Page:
Personality disorders are distinguished by long-standing, persistent, and rigid patterns of inner experience and behavior that differ from the individual's societal standards. These disorders can be seen in many types of patients, including psychiatrists, psychologists, and social workers. Patients with personality disorders often have problems forming close relationships due to their behaviors.
Psychotic disorders are characterized by severe disturbances or abnormalities in thinking processes or perception of reality. The symptoms must be severe enough to cause significant difficulty in functioning within the community at large. In addition, there must be evidence of two (or more) of the following: delusions, hallucinations, intermittent inability to function normally, excessive involvement in risky activities, or apparent need for care or support from others.
Bipolar disorder is a condition in which an individual's mood swings between extremes of depression and mania. Those suffering from this illness may experience periods when they feel depressed for no apparent reason, avoid social interactions, and suffer from loss of interest in usually enjoyable activities. They may also have periods of extreme energy and pleasure along with doubts about themselves and their ability to cope with life's challenges. Finally, they may have thoughts about committing suicide or harming others.
Addiction is a chronic disease that affects people of all races, religions, and socioeconomic groups.
The phrase "personality disorder" indicates that something is wrong with someone's personality. However, the term "personality disorder" merely refers to a diagnostic group of mental diseases distinguished by a persistent, rigid, and maladaptive style of connecting to the environment. This type of disorder does not involve any apparent physical problem or dysfunction of the brain.
There are two main types of personality disorders: neurotic and psychotic. Both types can be further divided into subtypes. For example, one form of psychosis called paranoid schizophrenia involves false beliefs about others' motives or intentions. Another form called obsessive-compulsive disorder (OCD) involves obsessional thoughts and rituals that cause significant personal distress or interfere with social functioning.
People with personality disorders often have problems forming close relationships due to their behaviors. However, even when they do have friends, these people are often unaware of how their behaviors affect others. In addition, they may believe that they are entitled to certain behaviors (such as not being responsible for their mistakes) or that other people should behave in a particular way toward them.
Personality disorders can be hard to diagnose because they can look like many other conditions or problems such as anxiety, depression, addiction, or autism. There are also no clear boundaries between different types of personalities disorders.
As a way of being and engaging with the environment and others, people with PDs carry damaging habits of thinking, feeling, and acting. Personality characteristics must be rigid, maladaptive, and produce functional impairment or subjective suffering in order to be recognized as a personality disorder.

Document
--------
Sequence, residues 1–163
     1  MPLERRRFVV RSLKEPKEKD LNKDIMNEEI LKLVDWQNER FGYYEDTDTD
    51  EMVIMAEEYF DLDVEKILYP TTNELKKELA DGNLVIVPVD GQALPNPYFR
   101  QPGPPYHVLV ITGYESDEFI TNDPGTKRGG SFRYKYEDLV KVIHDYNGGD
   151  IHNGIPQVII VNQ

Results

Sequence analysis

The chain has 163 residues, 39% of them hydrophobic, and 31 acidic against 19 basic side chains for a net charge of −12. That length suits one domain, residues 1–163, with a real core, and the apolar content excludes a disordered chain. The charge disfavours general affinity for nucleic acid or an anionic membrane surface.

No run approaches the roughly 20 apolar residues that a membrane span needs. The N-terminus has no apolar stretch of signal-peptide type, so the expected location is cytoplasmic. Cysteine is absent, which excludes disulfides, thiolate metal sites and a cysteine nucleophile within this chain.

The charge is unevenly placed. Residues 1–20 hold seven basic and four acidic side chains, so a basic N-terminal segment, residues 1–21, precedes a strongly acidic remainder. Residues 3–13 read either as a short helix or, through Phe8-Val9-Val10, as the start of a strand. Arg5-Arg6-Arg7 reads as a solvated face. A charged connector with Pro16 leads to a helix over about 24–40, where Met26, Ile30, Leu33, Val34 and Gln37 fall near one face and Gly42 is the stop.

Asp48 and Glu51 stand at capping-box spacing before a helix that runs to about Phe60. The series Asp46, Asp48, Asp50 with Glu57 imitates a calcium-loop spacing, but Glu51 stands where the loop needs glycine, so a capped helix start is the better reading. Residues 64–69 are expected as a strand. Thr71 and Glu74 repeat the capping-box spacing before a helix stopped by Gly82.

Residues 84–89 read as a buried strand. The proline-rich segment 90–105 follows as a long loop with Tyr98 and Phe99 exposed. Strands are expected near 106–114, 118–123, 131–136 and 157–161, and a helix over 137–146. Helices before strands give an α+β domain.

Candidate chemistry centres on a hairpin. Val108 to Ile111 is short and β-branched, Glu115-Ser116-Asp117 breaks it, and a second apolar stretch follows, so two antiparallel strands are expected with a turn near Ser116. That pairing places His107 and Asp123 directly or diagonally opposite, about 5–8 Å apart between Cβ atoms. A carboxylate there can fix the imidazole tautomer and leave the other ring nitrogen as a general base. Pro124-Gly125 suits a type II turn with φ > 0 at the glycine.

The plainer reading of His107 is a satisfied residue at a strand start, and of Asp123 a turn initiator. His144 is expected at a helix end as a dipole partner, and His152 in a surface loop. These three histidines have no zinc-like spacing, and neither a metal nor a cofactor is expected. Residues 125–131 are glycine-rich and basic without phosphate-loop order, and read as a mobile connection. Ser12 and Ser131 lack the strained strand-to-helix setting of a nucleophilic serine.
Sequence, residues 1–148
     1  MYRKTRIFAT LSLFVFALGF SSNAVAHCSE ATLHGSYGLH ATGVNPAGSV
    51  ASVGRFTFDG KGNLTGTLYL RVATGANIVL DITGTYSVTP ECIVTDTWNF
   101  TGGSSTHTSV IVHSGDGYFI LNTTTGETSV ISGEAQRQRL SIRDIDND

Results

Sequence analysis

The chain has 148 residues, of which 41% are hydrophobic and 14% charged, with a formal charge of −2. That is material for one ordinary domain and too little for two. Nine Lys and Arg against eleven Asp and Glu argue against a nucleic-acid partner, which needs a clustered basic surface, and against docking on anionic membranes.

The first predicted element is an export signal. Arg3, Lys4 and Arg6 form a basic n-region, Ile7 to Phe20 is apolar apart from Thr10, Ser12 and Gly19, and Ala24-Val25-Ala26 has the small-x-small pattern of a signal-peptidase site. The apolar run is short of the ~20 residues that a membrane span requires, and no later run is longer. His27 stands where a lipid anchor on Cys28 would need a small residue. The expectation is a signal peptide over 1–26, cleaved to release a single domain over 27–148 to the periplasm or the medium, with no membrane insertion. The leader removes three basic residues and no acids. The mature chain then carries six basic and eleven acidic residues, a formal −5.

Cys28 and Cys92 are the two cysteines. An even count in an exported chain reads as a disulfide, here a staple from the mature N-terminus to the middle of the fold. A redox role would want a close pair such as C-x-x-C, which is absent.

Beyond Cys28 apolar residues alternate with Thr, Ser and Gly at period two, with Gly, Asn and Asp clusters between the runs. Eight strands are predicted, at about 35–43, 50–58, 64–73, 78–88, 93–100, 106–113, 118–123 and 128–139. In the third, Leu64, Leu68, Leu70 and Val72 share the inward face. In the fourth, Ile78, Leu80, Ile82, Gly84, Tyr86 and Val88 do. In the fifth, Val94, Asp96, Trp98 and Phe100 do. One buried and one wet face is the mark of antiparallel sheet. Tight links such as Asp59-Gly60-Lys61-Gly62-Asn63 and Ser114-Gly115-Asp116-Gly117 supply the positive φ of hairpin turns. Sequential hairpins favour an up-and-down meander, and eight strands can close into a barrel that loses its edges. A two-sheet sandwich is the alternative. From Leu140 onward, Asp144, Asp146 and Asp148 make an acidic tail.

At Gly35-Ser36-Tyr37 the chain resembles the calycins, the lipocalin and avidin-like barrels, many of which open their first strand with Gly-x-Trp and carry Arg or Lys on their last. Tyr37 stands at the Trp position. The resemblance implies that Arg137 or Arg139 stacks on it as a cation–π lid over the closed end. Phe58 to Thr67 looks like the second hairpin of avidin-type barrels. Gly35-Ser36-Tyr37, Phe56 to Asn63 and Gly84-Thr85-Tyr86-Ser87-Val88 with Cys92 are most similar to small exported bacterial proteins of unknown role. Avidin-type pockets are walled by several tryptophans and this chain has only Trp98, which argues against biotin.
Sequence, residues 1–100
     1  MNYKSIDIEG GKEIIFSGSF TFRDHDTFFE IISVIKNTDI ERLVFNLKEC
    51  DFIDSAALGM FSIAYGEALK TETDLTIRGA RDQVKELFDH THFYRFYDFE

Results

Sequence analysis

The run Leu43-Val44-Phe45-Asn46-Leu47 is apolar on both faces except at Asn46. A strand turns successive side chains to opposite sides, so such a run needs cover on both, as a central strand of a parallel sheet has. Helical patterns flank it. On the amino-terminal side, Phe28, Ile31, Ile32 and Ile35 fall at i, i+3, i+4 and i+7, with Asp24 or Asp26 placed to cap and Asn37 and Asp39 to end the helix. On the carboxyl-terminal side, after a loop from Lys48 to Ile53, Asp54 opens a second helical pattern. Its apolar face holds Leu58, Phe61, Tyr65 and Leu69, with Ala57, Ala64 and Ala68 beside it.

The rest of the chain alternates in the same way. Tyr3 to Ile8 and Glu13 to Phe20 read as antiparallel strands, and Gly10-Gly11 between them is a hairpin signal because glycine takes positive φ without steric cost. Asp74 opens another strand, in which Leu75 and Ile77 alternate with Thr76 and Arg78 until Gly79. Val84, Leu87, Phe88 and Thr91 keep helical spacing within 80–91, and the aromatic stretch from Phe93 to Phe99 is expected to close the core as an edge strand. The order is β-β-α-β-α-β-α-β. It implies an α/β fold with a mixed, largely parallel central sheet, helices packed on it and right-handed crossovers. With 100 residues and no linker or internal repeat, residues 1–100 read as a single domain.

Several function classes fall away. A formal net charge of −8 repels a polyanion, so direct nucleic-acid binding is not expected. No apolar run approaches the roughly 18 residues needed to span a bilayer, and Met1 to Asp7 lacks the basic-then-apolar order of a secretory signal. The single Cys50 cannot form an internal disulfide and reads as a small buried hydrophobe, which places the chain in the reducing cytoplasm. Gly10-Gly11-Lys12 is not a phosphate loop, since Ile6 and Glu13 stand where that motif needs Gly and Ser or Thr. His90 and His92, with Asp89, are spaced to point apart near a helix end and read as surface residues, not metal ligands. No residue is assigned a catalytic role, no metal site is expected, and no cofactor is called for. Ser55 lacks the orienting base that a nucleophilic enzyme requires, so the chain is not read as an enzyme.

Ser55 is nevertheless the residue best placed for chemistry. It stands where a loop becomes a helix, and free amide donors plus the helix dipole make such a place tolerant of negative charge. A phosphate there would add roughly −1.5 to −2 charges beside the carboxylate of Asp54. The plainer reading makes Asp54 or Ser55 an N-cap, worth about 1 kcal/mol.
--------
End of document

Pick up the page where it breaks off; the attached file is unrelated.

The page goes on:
People with PDs often use their disorders to avoid dealing with more basic issues that arise from living in complex social groups. For example, if someone is rejected by one friend, they may simply stop talking to that person. If someone else rejects them, they may start using drugs or drinking too much alcohol. At its most extreme, someone may even attempt suicide because of their disorder. However many people with PDs do seek out treatment from therapists or doctors who can help them modify their behaviors and learn more effective ways of coping.
The main goal of treatment for people with PDs is to reduce the severity of their symptoms and improve their functioning in daily life. Treatment may include any or all of the following: behavioral therapy, psychotherapy, medication, electroconvulsive therapy (ECT), and substance abuse treatment.
People with PDs are at risk for developing other mental illnesses such as anxiety disorders, obsessive-compulsive disorder (OCD), depression, and bipolar disorder. It is important for clinicians to diagnose these other conditions so that appropriate treatments can be provided.
What do psychologists refer to as illnesses that are unique to one or more societies? Syndromes that are culture-bound include those associated with:
Famine - where there is a lack of food. This can occur naturally or because of conflict. Famine leads to poor health and increased mortality rates from diseases such as diarrhea, malaria, and tuberculosis (TB). It also increases the probability of people suffering mental problems due to lack of food, shelter, and security.
Poverty - where someone has nothing sufficient to meet their needs and those of their family. This could be due to loss of employment and inability to find new work, or because all the working members of the family need to go out to look for work.
War - which includes violence between groups who believe they have a right to exist and take action about it. War can be classified into three main types: civil wars, international conflicts, and tribal wars.
Depression - which is a common term for feelings of sadness and loss that can affect people differently depending on their situation. Depression can be diagnosed when these feelings are accompanied by other symptoms such as changes in appetite, sleep patterns, concentration abilities, and physical activity.